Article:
The United States Is Not Entitled to Lead the World
Washington Should Take A Seat at the Table—But Not Always at Its Head
Olga Meza sat down at the table in the office of a local human rights organization in Venezuela and said she wanted justice for her 16-year-old son. She broke down in tears as she spoke of the night that members of Venezuela’s investigative police force broke into her home, beat her and other members of her family, and forced her to watch as a security agent stormed into her son’s bedroom and shot him dead.
Washington, along with a handful of Latin American capitals and several former heads of state, has criticized the administration of Venezuelan President Nicolás Maduro for using excessive force against antigovernment protesters, prosecuting its critics, and jailing political opposition leaders.
Maduro’s crackdown, though, is worse than even his critics realize. His broad and aggressive exercise of unchecked executive power has also been directed at residents of low-income and immigrant communities, where there was widespread support for the Bolivarian Revolution, the leftist, social movement of Hugo Chávez, who served as president from 1999 to 2013.
Since last July, the government has conducted a series of police and military raids against such communities under the umbrella of what it says is an operation to combat criminal gangs.
Venezuelans face one of the highest murder rates in the region, and they urgently need effective protection from violent crime. But the government’s get-tough-on-crime approach has led to serious harm. Many victims and witnesses whom our organizations have interviewed describe widespread abuses that security forces inflict on the communities that most need their protection.
“I am looking for justice, and I can’t find it anywhere.”
Venezuelan Attorney General Luisa Ortega Díaz said in February that 245 people were killed during such raids in 2015. Dozens more have reportedly been killed since January. Government officials claim that victims died during security force “confrontations” with armed criminals. Yet we found 20 cases in which families of victims or witnesses to the killings said that there was no confrontation. In several cases, witnesses said the victims were last seen alive in police custody.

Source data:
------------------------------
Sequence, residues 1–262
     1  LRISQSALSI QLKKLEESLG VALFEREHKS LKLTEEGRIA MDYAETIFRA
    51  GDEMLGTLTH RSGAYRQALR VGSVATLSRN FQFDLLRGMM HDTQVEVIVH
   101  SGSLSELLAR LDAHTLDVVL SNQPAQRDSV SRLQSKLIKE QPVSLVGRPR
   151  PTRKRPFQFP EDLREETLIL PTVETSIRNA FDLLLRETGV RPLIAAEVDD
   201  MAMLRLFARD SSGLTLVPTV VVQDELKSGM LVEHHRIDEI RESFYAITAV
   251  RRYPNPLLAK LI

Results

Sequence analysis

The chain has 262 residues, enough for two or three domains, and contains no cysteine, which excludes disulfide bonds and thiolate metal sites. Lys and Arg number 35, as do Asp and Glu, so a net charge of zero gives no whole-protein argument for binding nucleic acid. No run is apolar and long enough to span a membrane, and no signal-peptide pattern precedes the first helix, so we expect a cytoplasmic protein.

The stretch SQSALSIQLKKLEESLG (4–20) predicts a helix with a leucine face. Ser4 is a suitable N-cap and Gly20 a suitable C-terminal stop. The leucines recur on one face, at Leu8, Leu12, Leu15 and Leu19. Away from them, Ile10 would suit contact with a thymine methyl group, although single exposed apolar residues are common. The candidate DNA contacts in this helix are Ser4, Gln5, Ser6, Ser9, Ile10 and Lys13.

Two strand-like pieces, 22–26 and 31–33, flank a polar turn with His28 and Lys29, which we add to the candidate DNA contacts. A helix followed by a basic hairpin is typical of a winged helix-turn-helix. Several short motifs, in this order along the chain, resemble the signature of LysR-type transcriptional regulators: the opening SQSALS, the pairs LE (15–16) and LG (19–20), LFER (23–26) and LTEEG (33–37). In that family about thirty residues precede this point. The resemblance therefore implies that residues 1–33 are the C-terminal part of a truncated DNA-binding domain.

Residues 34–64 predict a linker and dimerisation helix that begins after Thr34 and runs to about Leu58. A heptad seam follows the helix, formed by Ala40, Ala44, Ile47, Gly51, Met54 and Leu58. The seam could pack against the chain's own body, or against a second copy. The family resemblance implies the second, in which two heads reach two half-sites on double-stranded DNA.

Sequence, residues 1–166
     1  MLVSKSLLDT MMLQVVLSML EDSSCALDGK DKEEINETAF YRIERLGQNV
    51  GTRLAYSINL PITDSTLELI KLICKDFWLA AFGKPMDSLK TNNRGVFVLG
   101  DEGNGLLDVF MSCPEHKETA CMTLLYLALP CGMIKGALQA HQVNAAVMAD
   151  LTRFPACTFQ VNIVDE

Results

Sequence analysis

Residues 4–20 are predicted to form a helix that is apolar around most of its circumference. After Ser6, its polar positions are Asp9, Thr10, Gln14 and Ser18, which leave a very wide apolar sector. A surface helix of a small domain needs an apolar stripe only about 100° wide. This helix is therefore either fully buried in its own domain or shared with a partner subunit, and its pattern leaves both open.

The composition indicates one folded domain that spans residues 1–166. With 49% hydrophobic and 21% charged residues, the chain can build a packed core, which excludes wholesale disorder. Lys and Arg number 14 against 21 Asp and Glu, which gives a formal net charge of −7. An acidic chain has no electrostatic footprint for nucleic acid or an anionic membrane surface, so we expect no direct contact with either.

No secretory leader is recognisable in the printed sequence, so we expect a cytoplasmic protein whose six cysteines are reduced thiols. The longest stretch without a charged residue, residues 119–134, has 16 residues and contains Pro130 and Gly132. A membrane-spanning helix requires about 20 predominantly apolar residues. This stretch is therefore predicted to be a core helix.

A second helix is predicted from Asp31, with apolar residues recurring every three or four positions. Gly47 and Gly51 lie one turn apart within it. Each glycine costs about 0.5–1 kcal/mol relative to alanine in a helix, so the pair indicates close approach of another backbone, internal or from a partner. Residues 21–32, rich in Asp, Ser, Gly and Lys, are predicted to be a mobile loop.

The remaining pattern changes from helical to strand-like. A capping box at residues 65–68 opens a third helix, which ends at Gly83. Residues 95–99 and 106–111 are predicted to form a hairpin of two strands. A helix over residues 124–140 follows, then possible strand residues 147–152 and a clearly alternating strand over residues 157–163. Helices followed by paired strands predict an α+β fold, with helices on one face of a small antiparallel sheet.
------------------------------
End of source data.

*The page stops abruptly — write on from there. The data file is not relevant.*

Residents also described indiscriminate mass detentions. According to official sources, security forces detained more than 14,000 people temporarily during these operations last year, allegedly to verify whether they were wanted for crimes. But fewer than 100 were ultimately charged.
According to the United Nations Office for the Coordination of Humanitarian Affairs, security forces deported more than 1,700 Colombians from border areas where they were carrying out operations. Hundreds of them had either requested asylum or been granted refugee status by Venezuela. At least 22,000 more are said to have fled the country, fearing abuses or forced deportation.
The security forces also bulldozed hundreds of houses and evicted thousands of people arbitrarily, victims told us, both from government housing and private homes. Those evicted said they received no notice and had no opportunity to contest the government’s decision. Satellite images obtained by Human Rights Watch confirm that hundreds of homes were destroyed in communities in two states after mass evictions.
A common denominator in these cases, and in government abuses we have documented in other contexts during the past decade, is that the victims—or their families— have nowhere to turn for protection. In a country without judicial independence, victims have no access to justice, nor can they count on prompt and impartial investigations that would help prevent abuses.
In a country without judicial independence, victims have no access to justice, nor can they count on prompt and impartial investigations that would help prevent abuses.
Meza said that security forces harassed her after she filed a complaint with a prosecutor’s office to open an investigation into her son’s killing. In the case of the forced eviction of an entire community in Miranda state, residents told us, representatives of the attorney general’s office stood by as security agents forced people out of their homes, stole their belongings, and bulldozed 100 houses. Many people deported to Colombia said they were not allowed to challenge their deportations.
In the past, when our organizations have published findings such as these, the Venezuelan authorities have denounced us, swiftly and publicly, as liars, mercenaries, or malcontents attempting to destabilize Venezuelan democracy. Within the past month, however, much to our surprise, the Venezuelan ambassador to the Organization of American States said at a public hearing of the Inter-American Commission of Human Rights that the cases should be investigated. Two days later, the Venezuelan ombudsman, who has openly and repeatedly supported the government, said that those whose homes were destroyed must be compensated, that allegations of extrajudicial executions must be investigated, and that those responsible must be brought to justice.
The fact that a report we recently published includes widespread allegations of abuse against vulnerable communities in addition to official statistics and satellite images that corroborate victims’ claims clearly made a difference. Yet it remains to be seen whether it will all be forgotten once the heat is off. Responding to pressure from human rights groups, Maduro should publicly order security forces to stop using unlawful force. And he should overhaul Venezuela’s justice system, which has for more than a decade functioned as a mere appendage of the executive branch. Washington and regional governments should urge the Venezuelan government to act now to ensure the independence of the country’s judiciary.
Meza made it clear why pressure is needed. She told us, “I am looking for justice, and I can’t find it anywhere.”